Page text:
Election profiles: Meet three Skokie trustee candidates
To find out more about Caucus Party candidates Randy Roberts and Ralph Klein, access www.skokiecaucusparty.com.
To find out more about independent candidate Lisa Lipin, access www.lipinfortrustee.com.
What’s Next: The Skokie Review next week will profile Caucus Party incumbent Michele Bromberg, Caucus Party newcomer Ilonka Ulrich and independent Brian Novak.
Updated: April 8, 2013 6:19AM
It’s been a dozen years since Skokie’s ruling Caucus Party has faced any serious competition for the seats it controls — the six for village trustee, one for village clerk and one for mayor.
The party has held all seats on the Village Board for decades, something the party’s opponents say is not good for a municipality. ”It’s time for a change” is a common refrain from independents running this year, even though the Caucus Party is guaranteed to still control the board no matter how the April 9 election turns out.
Caucus Party candidates say the party never rests on its laurels. Open to everyone, they say, the party is a diverse mix of people from different backgrounds with different political ideologies.
“We’re one party, but we have many diverse voices,” said Trustee Randy Roberts in response to charges that new voices on the board need to be heard.
Three independents will square off against six slated party candidates for six open trustee seats on the Village Board. Mayor George Van Dusen and Pramod Shah, a current trustee and the party’s candidate for village clerk, are running unopposed.
This year’s race features three Caucus Party-slated incumbents, three Caucus Party-slated newcomers and three independents.
During each of the next three weeks, the Skokie Review will profile three candidates – one from each category.
Caucus Party Incumbent: Randy Roberts
Running for his fourth term on the Village Board, Randy Roberts has served as liaison to Skokie’s Public Safety Commission, Sustainable Environment Advisory Commission and the Beautification Commission. He works as a compliance officer for the nonprofit child care organization Maryville Academy and formerly served as an assistant state’s attorney in Cook County.
Roberts was a member of Skokie’s Youth at Risk Task Force and is currently a Skokie Lion’s Club member. He volunteers in Skokie School Districts 73.5 and 219.
Like his Caucus Party running mates, Roberts does not believe Skokie has a significant crime problem, despite some buzz to that effect in the community. The problem, he said, is more about perception, which has been exacerbated by a new era of 24/7 media coverage.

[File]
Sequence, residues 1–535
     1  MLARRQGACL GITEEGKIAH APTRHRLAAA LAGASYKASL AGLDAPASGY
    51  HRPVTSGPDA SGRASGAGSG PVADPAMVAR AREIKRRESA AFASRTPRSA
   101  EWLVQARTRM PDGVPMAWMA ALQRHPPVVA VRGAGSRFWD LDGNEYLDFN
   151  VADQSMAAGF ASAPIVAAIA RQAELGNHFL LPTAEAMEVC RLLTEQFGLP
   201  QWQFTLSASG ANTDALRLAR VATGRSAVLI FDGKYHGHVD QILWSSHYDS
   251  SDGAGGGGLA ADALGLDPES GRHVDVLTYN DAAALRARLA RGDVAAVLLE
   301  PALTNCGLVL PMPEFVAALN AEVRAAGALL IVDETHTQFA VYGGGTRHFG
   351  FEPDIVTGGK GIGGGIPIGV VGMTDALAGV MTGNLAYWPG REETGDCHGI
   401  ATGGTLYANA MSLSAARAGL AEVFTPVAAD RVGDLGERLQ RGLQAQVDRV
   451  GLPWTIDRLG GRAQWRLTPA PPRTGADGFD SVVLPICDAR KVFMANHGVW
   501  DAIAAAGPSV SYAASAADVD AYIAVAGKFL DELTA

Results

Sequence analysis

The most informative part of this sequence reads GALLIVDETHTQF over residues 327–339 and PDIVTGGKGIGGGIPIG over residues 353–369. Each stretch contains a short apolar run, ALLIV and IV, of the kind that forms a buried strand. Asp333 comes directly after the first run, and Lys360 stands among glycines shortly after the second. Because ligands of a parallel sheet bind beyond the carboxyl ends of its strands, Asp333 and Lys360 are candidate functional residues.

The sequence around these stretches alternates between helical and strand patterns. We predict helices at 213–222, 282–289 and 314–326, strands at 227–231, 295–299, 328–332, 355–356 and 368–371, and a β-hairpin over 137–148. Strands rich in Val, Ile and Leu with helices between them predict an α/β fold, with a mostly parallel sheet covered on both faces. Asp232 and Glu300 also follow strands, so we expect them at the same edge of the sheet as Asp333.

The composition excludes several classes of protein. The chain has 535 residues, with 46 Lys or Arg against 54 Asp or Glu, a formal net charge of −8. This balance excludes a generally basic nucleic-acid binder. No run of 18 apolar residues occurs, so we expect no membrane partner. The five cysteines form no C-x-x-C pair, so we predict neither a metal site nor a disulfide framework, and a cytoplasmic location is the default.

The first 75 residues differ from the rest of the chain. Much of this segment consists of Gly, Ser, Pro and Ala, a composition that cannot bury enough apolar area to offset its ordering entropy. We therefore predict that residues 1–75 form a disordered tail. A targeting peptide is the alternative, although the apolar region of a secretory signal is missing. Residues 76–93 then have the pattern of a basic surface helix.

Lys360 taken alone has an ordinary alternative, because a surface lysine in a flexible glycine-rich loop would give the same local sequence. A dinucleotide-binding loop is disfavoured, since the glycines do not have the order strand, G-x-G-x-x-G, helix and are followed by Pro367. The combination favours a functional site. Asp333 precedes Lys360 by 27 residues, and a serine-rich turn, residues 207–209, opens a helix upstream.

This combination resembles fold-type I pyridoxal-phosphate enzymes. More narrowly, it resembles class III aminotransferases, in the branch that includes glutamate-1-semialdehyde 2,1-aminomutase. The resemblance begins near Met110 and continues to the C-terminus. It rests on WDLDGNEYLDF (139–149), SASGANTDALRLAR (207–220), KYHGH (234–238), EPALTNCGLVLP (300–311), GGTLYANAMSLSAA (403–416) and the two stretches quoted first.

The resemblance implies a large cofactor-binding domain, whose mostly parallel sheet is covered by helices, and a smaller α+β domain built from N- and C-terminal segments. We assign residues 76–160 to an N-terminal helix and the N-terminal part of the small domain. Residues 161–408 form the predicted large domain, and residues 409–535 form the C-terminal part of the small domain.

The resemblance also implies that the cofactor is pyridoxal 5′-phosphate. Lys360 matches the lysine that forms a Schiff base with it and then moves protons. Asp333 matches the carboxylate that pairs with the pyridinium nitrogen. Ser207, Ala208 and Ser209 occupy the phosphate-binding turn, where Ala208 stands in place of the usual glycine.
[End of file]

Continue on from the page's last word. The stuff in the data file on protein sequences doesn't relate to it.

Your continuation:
Perhaps no other issue separates the independents from the slated candidates more than crime. Roberts and other slated candidates point to the most recent crime statistics showing a drop in crime for the fifth consecutive year. More importantly, Roberts said, the statistics show drops in most of the more serious crimes.
Unlike some independents, Roberts believes Skokie is as safe today as it was 10 years ago.
A recently-released national survey showed respondents as being very satisfied with where they live. But fewer respondents said they felt as safe today – especially at night – as they did when the last national survey was distributed.
“We have to continually work with the public about crime and about safety and make them understand, make this more nuanced,” he said.
The Caucus Party has made land use and development a key part of its platform. Like other party candidates, Roberts remains optimistic about future development of vacated buildings such as downtown’s Desiree Restaurant and Barnum & Bagel on Dempster Street.
The incumbent believes the village has done a more than an admirable job in economic development during a difficult economy, with restaurants and shops opening in downtown Skokie, the expansion of Westfield Old Orchard, developments on Dempster such as Oberweis and the reopening of Kaufman’s, and more.
Skokie remains in solid fiscal shape compared to many municipalities, he said. Roberts believes the continued strength of economic development in the village will allow Skokie to continue on with a much-championed property tax freeze that is now more than 20 years old.
Caucus Party Newcomer: Ralph Klein
Skokie Zoning Board Chairman Ralph Klein has served on the Zoning Board for a dozen years and has also been a member of the Sculpture Park Commission and the Skokie Fine Arts Commission. He graduated from Niles East High School and then joined his family’s printing business.
Klein has a long history of volunteering in Skokie, including serving as the founding president of Open Hearts for Handicapped Children. He has volunteered for the Niles Township Food Pantry and Meals on Wheels, as well as on local school district foundations and with AYSO basketball and soccer.